Al Sharpton on Bush's NAACP Speech

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This is a partial transcript from "The O'Reilly Factor," July 20, 2006, that has been edited for clarity.

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BILL O'REILLY, HOST: "Personal story" segment tonight, for the first time in his tenure as president, Mr. Bush addressed the NAACP.


BUSH: Now we'll work together. And as we do so, you must understand, and I understand, that racism still lingers in America.


It's a lot easier to change a law than to change a human heart. And I understand that many African-Americans distrust my political party.


O'REILLY: Joining us now from Atlanta is Reverend Al Sharpton. It was a conciliatory speech by the president. It was respectful, I thought, to the NAACP and its audience. Am I wrong?

AL SHARPTON, REV., CIVIL RIGHTS ACTIVIST: I think it may have been conciliatory in tone, but I didn't hear him really address policies that really would have shown that he wanted to address civil rights issues of the day. He never mentioned affirmative action. He said racism lingers. Not even a mention of affirmative action or how we're going to catch up.

He talked about education, but he said that we would push no child left behind, a program he didn't fund. And dealing with schools. So it was strong on rhetoric, short on real policy and substance.

O'REILLY: All right. Maybe you can explain this to me. Because you know, I'm not as smart as you are.

SHARPTON: Oh, right.

O'REILLY: There's no question about that, Reverend. You're much smarter than I am. Under the Bush administration, more money is being given to inner city public schools in the history of the country. In fact more money is being given to public education in the USA than anywhere else in the world.

And now you come on "The Factor," you a no-spin guy, and say Bush is not funding No Child Left Behind. I'm saying, here's the money. It's going out. So where am I wrong?

SHARPTON: To give more money is not to give what you committed in terms of your own funding mandate. I'm saying he didn't fund what he mandated.

O'REILLY: More money, it's historically high.

SHARPTON: It's historically high compared to others. It's not what he said and he's even saying that he wants to deal with charter schools and public education charters.

But what happens to the majority of students that cannot deal with public education charter schools? The job of American presidents is to give quality education to everybody. Not select few that can choose their way out of a bad school.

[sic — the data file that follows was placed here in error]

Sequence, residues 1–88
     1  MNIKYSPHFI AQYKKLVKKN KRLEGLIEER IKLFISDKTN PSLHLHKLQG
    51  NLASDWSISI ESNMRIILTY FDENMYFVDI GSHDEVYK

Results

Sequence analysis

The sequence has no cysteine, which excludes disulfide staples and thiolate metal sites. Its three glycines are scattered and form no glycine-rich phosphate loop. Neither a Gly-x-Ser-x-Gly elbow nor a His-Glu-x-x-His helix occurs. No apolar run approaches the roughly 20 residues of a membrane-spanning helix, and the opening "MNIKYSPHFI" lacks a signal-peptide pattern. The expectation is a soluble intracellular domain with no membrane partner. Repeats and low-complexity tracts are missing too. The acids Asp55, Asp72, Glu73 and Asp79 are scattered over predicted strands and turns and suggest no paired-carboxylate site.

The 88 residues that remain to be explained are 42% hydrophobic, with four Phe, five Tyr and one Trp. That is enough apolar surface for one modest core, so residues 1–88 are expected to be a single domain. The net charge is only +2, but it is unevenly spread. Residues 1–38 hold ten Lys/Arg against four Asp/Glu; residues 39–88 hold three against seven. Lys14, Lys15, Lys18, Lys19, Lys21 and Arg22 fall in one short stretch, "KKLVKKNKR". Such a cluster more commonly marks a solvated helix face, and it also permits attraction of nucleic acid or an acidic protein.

O'REILLY: You know as well as I do that money doesn't mean you're going to get a quality education. I mean, I had 60 kids in my class at Saint Bridget's School, 60, 6-0. Look how I turned out. I did not have any money. Nobody had any money. Come on.

SHARPTON: Bill, you raised the question of money how he increased the budget. What I'm saying is his policy of public education choice and charters does not address all of the students. It addresses those that can escape. You don't need an education policy based on who can get out of bad schools.

O'REILLY: If you allow vouchers to all the poor kids, no matter what color, would you solve the problem right away. But you don't want to do that.

SHARPTON: But all kids can't get a voucher.

O'REILLY: Well, it would if you would allow it.

SHARPTON: Vouchers at best only for those who can get them. You cannot finance a voucher system that's for everybody. The voucher for everybody is called public education.

O'REILLY: Florida does. If Florida can do it, anybody can do it. And it was struck down by the left, who didn't want vouchers. What else? What else? Were you insulted by anything the president said?

SHARPTON: Well, first of all, I think that you've got to say that many of us are still insulted it took five years to get there and then you discover that there's still racism there. When you get there you really don't say anything you're going to do about it.

He finally said he wants to see the Voter Rights Act renewed who no amendments. He did not say how he's going to have the Justice Department enforce that enforcement. Without enforcement the Voter Rights Act...

O'REILLY: I don't know what you're talking about now. But OK.

SHARPTON: Never mentioned anything about enforcement.

O'REILLY: Is there anything the president — is there anything the president said today that impressed you, one thing?

SHARPTON: I think the fact that he said what many people will not say around the right and even on this station that there's still racism in America. It's going to make it hard for a lot of people that said that's in the past. Even George Bush admits that.

O'REILLY: OK. You think there's racism on both sides?

SHARPTON: There is racism on both sides of what?

O'REILLY: Both sides. There's racism in the white community and in the black community. Is that fair?

SHARPTON: I think that what he was addressing today...

O'REILLY: I know what he was addressing. I'm asking you.

SHARPTON: I think that there may be bias on all sides. But racism takes power. And he addressed that today. I wish he'd given it a remedy.

O'REILLY: All right, Reverend. Always a pleasure to have you on the show. We appreciate it.

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